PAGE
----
Today is the birthday of Broadway and Hollywood writer/ director/ producer William Anthony McGuire (1881-1940). McGuire has no obvious vaudeville connection, but his career touched so many of the folks we have written about that he seems a relevant guy to celebrate.
McGuire’s career seems to have been guided by a lucky star. He wrote his first play “The Walls of Wall Street” while a student at Notre Dame; it was produced in South Bend, Indiana with himself and Allan Dwan (later to be a famous film director himself) in the lead roles. His debut as a Broadway playwright came with The Heights (a different The Heights! 1910) starring Frank Keenan. Among other shows, he wrote and directed the revue Frivolities of 1920, wrote the hit comedy Six Cylinder Love (1921-1922) and the Eddie Cantor smash Kid Boots (1923-1925), penned sketches for the Ziegfeld Follies of 1924.
Twelve Miles Out (1925-1926) was the first show he wrote, directed and produced; after this he frequently wore more than one hat on the productions of his plays. He wrote and directed the hit musicals Rosalie (1928), The Three Musketeers (1929), the Eddie Cantor vehicle Whoopee! (1928-1929), Show Girl (1929), and many others. Some of these productions are legendary: Rosalie, for example starred Marilyn Miller, Frank Morgan, and Jack Donahue, had sets by Joseph Urban, choreography by Michel Fokine, songs by the Gershwins and P.G. Wodehouse, and Guy Bolton collaborating with McGuire on the book. Show Girl had songs by the Gershwins and Gus Kahn, choreography by Albertina Rasch, and a cast featuring Ruby Keeler (this was the show on which Al Jolson publicly embarrassed her by singing from the audience), Jimmy Durante, Eddie Foy Jr., and Nick Lucas.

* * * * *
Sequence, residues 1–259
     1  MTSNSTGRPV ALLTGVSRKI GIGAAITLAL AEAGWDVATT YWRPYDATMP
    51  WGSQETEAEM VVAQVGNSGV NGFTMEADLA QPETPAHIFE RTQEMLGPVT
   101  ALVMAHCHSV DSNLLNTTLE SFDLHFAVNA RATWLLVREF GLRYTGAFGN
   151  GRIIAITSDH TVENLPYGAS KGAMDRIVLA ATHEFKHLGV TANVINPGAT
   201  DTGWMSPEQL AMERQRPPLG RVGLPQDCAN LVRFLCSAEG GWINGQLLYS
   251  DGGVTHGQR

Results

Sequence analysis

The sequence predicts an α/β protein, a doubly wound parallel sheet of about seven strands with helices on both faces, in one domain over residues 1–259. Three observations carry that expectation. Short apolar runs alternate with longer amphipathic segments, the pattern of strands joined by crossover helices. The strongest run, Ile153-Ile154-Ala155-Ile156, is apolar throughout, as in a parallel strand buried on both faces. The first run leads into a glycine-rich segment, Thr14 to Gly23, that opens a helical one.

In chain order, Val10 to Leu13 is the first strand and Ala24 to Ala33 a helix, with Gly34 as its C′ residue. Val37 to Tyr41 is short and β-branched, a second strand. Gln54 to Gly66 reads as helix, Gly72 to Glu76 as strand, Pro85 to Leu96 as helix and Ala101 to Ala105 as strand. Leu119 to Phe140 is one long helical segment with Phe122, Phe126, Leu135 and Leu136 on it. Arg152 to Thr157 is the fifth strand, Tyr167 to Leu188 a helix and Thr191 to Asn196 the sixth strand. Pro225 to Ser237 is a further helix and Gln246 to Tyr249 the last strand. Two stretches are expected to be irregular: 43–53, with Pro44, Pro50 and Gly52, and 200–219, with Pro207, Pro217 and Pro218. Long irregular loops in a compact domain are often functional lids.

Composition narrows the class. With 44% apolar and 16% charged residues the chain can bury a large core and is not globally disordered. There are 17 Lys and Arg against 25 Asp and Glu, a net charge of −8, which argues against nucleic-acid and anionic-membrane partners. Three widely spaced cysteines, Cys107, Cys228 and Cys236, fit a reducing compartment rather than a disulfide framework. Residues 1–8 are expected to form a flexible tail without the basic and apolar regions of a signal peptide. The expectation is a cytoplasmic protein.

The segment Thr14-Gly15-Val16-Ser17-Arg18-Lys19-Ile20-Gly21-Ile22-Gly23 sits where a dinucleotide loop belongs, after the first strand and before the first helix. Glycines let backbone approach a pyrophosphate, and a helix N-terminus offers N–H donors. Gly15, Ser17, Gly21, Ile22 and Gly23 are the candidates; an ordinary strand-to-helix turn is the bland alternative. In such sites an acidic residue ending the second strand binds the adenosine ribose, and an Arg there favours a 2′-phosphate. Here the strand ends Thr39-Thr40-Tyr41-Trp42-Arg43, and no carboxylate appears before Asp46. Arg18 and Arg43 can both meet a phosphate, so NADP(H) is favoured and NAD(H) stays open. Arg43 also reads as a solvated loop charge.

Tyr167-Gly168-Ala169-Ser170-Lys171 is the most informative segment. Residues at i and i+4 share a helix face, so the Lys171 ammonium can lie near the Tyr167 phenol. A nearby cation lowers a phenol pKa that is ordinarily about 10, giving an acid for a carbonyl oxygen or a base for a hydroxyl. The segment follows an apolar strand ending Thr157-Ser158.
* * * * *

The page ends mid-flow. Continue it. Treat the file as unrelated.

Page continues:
He had also dabbled in films from the beginning of his career. He’d written several silent film scenarios since the teens. Then some of his hit plays were adapted into silent films: Six Cylinder Love (1923), Kid Boots (1926) and Twelve Miles Out (1927). And then talkies beckoned. Show Girl was made into a movie with Alice White in 1928; Whoopee in 1930; a talkie version of Six Cylinder Love starring Spencer Tracy and Edward Everett Horton came out in 1931 (it was remade once again as The Honeymoon’s Over in 1939).
Soon McGuire made the move to Hollywood himself. He wrote The Kid from Spain (1932) for Eddie Cantor, and adapted Roman Scandals (1933) for him as well. Given the fact that he had worked closely with Flo Ziegfeld on several shows it was fitting that he was nominated for an Oscar for The Great Ziegfeld (1936) and wrote the original story for Ziegfeld Girl (1941). He adapted Rosalie for the screen in 1937. He wrote the screenplay for the bio-pic Lillian Russell in 1940. He also dabbled in movie producing on two films Rosalie, and The Girl of the Golden West (1938).
For more on show business history, consult No Applause, Just Throw Money: The Book That Made Vaudeville Famous, available at Amazon, Barnes and Noble, and wherever nutty books are sold.